The Northern Ireland Paranormal Research Association (NIPRA) has been working for over 20 years to explain the unexplainable. Its founder WARREN COATES discusses why ghost hunting Northern Irish-style is so much fun.
For as long as I can remember, I have had an interest in all things paranormal.
I remember getting “The Hamlin Book of Ghosts” as a birthday present aged eight and this interest continued for a few years.
My brother and a friend used to go to locations that were said to be haunted, looking to debunk rather than prove them real, and it was at this stage that I had my first paranormal experience.
In a graveyard one summer evening, my brother and I saw a tall, dark shadow in the shape of a man move along the walkway into the church.
This was the turning point for me from sceptic to believer.
Our investigating equipment at the time left a lot to be desired.
We used a tape Dictaphone machine and an old camcorder (a very big, old one), although we did have some success with EVPs.
This interest grew until 1991 when I started NIPRA.
We have been very lucky over the years to have investigated some very large and high level locations, from Castle Ward (a large manor house owned by the National Trust), several nursing homes, old police and army buildings to our ultimate venue – Crumlin Road Jail (pictured in main photos).
This is one of the most active and menacing places I have ever been involved with.
Crumlin Jail is an old Victorian prison which has seen over 16 executions, many murders and suicides.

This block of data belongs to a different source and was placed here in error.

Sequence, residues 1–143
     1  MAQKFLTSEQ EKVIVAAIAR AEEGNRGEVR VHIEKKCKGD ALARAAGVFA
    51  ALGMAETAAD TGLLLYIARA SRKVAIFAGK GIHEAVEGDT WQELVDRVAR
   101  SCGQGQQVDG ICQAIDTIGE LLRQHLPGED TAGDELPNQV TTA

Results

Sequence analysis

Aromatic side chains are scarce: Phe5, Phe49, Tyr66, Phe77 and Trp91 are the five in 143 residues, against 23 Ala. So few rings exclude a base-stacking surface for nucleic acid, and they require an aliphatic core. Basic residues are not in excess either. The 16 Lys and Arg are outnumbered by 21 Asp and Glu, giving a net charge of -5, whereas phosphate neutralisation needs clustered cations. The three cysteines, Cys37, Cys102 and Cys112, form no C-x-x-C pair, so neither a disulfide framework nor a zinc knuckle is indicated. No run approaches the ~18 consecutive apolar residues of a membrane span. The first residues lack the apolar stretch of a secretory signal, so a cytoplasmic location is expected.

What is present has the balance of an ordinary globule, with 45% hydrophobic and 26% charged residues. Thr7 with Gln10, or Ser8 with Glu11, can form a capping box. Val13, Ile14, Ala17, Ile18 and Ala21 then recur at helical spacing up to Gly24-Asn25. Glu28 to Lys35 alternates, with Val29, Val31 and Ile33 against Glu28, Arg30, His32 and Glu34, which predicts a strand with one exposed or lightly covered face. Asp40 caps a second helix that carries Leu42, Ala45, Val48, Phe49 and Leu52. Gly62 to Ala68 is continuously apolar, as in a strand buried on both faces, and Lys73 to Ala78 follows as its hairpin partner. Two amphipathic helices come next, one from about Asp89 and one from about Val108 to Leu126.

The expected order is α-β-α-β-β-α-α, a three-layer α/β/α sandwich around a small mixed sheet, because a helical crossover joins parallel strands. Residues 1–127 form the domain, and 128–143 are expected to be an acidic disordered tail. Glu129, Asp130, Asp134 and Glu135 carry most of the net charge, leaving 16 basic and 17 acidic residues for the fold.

It is full of the energies of past inmates and investigators have had keys, stones and bottles thrown at us.
Although we lead Ghost Walks through the site, we were also given full access to conduct a six month private investigation in the jail.
Richhill Castle in Armagh is another of our venues. Built in the late 16th Century, it is a building steeped in local history, with Ghost Tours organised by NIPRA.
The castle is one of the most peaceful and welcoming places we have ever investigated, with returning spirits and a ghostly horse and rider who gallop into the driveway.
The horse can be heard snorting, and at times both have also been seen.
NIPRA also run open nights, which are designed for people who have had or are experiencing paranormal activity.
We explain what the paranormal is and more importantly what it is not.
I always try to explain why a spirit may be haunting a location and to help people try to communicate with the spirits.
Attendance at the open night is the only way to join NIPRA.
We are a spirit-based group and still use some equipment but also work with mediumship.
We help people tune into the spirit word and develop their medium ship abilities.
Talks on the paranormal, occult and alternative religions are also available.
For further information on the Northern Ireland Paranormal Research Association (NIPRA) please check out its great website here at www.nipra.co.uk.